Cleveland and Pittsburgh don’t always see eye to eye — at least when it comes to professional football. When it comes to beer, though? That’s different a different story.
The award-winning Fat Head’s brewpub and production brewery in suburban Cleveland grew out of the original Fat Head’s restaurant in Pittsburgh.
And now Buckeye Brewing, a production brewery in Cleveland, and Rivertowne Brewing, which has both restaurants and a production brewery around Pittsburgh, are collaborating on a special pale ale set for release either in late February or early March.
The beer, called OH-PA Session Pale Ale and brewed at Rivertowne, will be available in 12-ounce cans and on draft. (Attached is a prototype label, which features the slogan “Beer Without Borders.”)
Rivertowne brewmaster Andrew Maxwell expects the beer to be about 4.5 percent to 4.7 percent alcohol by volume.
“When you get session beers like that, you have to make sure that they don’t lack flavor,” he said. “And what we’ll do is have a real nice hop flavor and ... a small bite.”
Garin Wright, the brewer and owner at Buckeye, said it was important to him not to play up any rivalry between the two cities when creating the beer or label artwork. OH-PA is a collaboration, he said.
“It’s a fun endeavor,” Wright said.
OH-PA Session Pale Ale was the brainchild of Heinen’s beer buyer Ed Thompkins who’s well-known for his beer knowledge and support of local breweries. The beer will be available exclusively at Heinen’s grocery stores in the Cleveland market. It also will be available at the usual Rivertowne locations in Pennsylvania.
The collaboration idea stemmed from a conversation over a few beers during Cleveland Beer Week last year. That talk included Thompkins and Buckeye and Rivertowne brewers. Both breweries are distributed in the Cleveland market by Beverage Distributors.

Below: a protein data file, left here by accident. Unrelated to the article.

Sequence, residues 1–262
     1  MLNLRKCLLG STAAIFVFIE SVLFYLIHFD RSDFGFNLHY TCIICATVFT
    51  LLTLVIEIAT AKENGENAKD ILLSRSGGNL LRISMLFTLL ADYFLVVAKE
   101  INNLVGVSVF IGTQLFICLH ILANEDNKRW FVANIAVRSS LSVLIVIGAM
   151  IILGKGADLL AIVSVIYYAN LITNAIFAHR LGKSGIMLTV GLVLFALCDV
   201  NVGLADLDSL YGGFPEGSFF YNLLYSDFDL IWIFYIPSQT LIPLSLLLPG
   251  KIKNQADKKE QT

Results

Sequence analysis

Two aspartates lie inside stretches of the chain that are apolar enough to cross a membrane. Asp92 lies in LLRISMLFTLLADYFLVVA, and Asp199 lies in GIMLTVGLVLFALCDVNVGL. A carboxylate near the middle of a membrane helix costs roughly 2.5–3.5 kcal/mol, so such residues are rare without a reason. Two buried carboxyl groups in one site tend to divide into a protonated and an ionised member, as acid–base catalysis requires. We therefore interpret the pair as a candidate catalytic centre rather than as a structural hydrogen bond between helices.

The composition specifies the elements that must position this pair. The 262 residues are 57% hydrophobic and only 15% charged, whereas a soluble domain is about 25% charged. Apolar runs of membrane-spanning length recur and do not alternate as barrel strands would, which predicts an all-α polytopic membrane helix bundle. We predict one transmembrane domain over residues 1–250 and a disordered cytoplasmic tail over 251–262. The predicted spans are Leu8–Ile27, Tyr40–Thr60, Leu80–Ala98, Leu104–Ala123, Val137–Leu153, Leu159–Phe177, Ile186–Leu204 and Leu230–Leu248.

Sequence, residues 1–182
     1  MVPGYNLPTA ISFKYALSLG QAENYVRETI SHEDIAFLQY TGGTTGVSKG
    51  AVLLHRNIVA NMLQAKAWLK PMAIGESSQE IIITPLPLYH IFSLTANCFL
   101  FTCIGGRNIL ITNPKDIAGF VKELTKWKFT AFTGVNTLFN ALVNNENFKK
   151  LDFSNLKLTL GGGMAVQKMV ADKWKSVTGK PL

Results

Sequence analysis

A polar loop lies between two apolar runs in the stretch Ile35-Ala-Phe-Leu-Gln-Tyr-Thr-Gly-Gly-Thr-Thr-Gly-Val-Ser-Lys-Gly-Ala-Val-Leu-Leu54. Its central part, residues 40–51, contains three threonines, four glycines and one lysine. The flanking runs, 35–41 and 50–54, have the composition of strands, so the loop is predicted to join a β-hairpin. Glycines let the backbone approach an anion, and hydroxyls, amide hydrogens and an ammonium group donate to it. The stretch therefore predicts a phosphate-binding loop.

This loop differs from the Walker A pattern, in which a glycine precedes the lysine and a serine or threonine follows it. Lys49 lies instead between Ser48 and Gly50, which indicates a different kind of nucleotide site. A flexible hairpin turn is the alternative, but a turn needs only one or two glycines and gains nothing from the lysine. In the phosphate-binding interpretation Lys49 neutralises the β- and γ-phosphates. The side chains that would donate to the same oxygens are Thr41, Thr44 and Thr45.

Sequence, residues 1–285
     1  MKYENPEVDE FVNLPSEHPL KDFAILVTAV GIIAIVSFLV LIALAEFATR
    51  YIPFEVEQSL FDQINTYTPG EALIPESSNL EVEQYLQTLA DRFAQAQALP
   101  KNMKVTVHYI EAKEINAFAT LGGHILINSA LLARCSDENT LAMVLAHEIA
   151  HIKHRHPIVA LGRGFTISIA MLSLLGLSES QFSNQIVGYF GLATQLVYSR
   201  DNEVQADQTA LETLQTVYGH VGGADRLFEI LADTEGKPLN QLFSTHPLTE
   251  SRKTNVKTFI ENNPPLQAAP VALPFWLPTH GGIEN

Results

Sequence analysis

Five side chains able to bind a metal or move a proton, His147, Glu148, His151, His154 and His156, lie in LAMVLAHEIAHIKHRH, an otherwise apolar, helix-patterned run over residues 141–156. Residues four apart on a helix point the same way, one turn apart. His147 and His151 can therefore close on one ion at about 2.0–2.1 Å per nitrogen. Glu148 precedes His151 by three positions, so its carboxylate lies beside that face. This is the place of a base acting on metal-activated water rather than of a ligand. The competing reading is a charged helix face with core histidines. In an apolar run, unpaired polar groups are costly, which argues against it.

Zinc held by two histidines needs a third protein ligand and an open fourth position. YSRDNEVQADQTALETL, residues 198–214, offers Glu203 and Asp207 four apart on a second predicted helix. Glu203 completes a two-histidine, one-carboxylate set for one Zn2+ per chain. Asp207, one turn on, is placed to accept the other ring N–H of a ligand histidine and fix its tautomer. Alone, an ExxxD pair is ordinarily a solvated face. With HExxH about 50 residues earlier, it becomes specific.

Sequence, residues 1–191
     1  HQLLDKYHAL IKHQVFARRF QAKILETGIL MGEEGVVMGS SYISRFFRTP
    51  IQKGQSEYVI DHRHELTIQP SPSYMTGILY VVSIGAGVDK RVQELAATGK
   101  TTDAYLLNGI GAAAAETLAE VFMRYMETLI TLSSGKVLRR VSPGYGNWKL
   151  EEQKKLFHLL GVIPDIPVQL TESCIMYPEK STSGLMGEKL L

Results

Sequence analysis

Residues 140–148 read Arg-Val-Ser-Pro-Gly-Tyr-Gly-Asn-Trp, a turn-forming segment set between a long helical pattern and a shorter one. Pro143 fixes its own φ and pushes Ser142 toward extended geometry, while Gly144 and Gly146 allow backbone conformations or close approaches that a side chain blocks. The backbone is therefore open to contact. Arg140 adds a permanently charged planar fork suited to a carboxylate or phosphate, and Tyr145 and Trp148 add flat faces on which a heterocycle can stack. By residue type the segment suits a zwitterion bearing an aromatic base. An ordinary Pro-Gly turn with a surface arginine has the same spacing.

“The next thing you know we’re in Pittsburgh getting the plan together,” Thompkins said. “This shoots down the theory that you can’t drink beer all day and still have good ideas. Because the OH-PA came to me after multiple beers.”
He predicts the beer will be a big hit.
“I want to make a big deal about this,” he said. “This is where beer is fun. It’s relevant and it really attracts an audience because there are no boundaries. This has never been done before. You still kick over stones and find these new opportunities even as the market kind of gets saturated or the bubble builds. There are still cool things that you can do.”
Maxwell said the collaboration is a first for Rivertowne, which started distributing in Ohio last year.
“We went into Ohio and I honestly have made so any friends there,” he said. “Ohio is just a fun state. ... It’s an honor to part of the Ohio family. It sounds a bit political but it’s not. It’s true.”
Thompkins said he’d like to see the Buckeye-Rivertowne collaboration continue with other beers.
“Who knows where it’s going to lead or end,” he said.